The Effort-Reward-Imbalance Among PhD Students – A Qualitative Study
The purpose of this paper is to examine the perceived efforts, rewards, motives, and coping strategies of a sample of PhD students in Germany based on tested stress models, the Effort-Reward-Imbalance Model and the Transactional Model of Stress and Coping.
Pursuing a PhD can be challenging and stressful. Students face conflicts, isolation, and competition as well as difficulties with their supervisors. However, there is little known about how students perceive their PhD.
Semi-structured interviews were conducted in 2021 with 21 male and female doctoral students from various fields of research. The recorded interviews were transcribed and analyzed according to Mayring’s qualitative content analysis.
Little is known about the work stress of PhD students. Most studies focus on single aspects (e.g., the relationship with the supervisor or the heavy workload) and use questionnaires that do not show all aspects causing work stress and how to prevent it. In this study, we examined the elements of work stress and coping strategies by using the Effort-Reward-Imbalance Model and the Transactional Model of Stress and Coping in a theoretical framework.
The analysis yielded two main categories for efforts and three main categories for rewards as well as several sub-categories. Participants persisted in the PhD program for five reasons: an intrinsic motivation, an interest in improving one’s skills, the motivation to become an expert in one’s field, the ability to contribute to research, and because of the flexibility and freedom offered during a PhD. Further, the study analyzed how PhD students cope with stress. Engaging in physical activities or spending time with family and friends were the most common coping strategies used, followed by work routines (like scheduling time for deep work and breaks) and seeking assistance from other PhD students.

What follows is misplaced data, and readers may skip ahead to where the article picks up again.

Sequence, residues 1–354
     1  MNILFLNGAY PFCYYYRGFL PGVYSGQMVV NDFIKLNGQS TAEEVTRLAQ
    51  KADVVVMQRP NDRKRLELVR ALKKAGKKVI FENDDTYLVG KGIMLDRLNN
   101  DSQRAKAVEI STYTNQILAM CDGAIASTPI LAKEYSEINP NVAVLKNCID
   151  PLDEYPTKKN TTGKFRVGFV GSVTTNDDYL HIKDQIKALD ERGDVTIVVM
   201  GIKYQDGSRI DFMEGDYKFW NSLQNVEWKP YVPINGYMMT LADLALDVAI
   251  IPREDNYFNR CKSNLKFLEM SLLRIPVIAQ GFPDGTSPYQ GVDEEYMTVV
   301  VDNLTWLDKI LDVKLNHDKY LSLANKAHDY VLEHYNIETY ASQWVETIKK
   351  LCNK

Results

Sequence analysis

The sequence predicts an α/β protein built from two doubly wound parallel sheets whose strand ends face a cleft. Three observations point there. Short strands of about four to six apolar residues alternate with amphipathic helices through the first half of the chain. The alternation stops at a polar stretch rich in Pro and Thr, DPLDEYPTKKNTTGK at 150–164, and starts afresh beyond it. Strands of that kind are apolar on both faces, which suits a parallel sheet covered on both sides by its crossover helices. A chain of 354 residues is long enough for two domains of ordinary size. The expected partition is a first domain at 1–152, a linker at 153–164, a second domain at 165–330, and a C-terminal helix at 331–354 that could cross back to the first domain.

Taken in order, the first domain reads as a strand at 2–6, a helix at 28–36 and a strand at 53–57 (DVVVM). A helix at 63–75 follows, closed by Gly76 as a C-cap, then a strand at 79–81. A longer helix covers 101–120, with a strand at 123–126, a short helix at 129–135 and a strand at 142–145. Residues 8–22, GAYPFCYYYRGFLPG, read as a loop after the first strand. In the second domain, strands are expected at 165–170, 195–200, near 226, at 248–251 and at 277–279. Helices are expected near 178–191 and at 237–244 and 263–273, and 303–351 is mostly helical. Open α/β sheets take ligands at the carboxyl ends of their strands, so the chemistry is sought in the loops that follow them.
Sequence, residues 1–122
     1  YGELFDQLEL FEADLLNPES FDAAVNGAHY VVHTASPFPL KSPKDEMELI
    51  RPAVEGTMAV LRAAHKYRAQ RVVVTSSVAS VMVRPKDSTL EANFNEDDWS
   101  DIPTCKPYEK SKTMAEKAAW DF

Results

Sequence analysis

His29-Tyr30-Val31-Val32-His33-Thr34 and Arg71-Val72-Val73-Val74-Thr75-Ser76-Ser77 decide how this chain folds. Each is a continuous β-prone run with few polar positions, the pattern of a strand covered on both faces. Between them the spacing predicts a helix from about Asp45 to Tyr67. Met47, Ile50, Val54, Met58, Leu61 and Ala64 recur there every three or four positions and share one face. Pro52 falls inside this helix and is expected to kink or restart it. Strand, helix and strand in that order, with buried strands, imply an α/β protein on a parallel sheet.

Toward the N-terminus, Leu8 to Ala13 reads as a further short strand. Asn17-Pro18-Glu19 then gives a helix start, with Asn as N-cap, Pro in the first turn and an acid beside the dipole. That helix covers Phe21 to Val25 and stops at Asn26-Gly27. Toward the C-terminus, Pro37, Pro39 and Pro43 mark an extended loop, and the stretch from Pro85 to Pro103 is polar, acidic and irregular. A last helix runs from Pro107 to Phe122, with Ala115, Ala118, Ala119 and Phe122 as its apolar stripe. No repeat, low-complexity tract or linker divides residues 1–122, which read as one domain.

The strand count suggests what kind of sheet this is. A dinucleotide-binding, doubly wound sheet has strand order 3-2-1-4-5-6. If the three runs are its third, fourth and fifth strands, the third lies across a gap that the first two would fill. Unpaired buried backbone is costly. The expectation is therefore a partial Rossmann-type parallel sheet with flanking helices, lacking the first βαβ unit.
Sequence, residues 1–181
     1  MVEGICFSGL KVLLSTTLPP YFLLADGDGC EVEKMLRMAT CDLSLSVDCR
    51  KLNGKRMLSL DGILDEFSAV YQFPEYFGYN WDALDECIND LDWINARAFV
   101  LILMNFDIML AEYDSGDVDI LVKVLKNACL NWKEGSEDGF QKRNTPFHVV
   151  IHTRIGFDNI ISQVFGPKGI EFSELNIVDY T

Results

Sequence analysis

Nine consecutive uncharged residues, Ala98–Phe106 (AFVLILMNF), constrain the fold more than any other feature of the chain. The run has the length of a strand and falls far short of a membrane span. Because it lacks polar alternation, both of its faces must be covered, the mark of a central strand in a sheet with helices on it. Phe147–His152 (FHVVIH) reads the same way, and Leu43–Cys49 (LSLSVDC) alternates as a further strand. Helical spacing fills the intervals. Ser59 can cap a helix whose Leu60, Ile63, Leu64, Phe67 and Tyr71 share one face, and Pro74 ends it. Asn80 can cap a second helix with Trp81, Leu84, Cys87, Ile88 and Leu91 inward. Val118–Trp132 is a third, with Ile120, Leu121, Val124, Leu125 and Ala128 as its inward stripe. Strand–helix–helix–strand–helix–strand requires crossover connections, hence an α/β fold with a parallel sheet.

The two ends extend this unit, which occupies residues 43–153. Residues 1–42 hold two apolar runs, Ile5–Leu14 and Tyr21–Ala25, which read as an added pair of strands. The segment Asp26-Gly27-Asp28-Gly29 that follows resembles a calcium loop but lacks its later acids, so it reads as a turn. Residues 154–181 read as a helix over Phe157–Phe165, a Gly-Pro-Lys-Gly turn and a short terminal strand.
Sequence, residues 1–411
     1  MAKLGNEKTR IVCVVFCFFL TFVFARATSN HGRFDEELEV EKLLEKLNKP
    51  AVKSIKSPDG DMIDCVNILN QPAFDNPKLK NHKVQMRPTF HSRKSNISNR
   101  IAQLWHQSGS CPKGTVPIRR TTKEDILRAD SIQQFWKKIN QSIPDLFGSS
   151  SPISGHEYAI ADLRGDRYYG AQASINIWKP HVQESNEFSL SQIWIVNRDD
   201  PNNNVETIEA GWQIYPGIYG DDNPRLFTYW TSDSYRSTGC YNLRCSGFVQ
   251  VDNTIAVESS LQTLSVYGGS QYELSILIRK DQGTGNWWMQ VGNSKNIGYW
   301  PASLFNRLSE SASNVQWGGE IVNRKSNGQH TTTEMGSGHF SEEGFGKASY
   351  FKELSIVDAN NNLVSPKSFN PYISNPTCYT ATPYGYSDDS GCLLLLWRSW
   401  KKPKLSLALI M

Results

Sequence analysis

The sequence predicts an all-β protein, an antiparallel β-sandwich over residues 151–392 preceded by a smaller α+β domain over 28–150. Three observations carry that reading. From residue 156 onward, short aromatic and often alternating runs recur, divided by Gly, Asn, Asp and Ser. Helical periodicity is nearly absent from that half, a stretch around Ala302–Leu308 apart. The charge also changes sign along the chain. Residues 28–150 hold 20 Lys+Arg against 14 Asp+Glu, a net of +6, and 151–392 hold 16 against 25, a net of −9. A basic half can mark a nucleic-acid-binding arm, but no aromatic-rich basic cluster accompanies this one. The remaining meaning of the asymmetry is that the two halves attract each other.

To decrease the stress factors and negative health outcomes, we recommend incorporating personal as well as organizational measurements in the university setting. Through kick-off events and personal development workshops, PhD students should be made aware of the potential stress factors and coping strategies. Mentoring programs with postdocs can further support the doctoral students. On an organizational level, the knowledge about the elements of work stress should be incorporated in the recruiting process and supervisor workshops.
As past research has investigated the effects of stress on physiological parameters, the framework of this study proposes the incorporation of the imbalance component into biological stress research.
Understanding the efforts, rewards, and motives for a doctoral degree will help to reduce work stress of PhD students and create a more positive over-all workplace, for example, by improving the relationship between students and their supervisors.
Additional work is required to explore how the Effort-Reward-Imbalance model and coping strategies could interact and influence different outcomes. As the majority of the participants pursed a PhD degree in psychology, further studies need to be conducted that include other disciplines.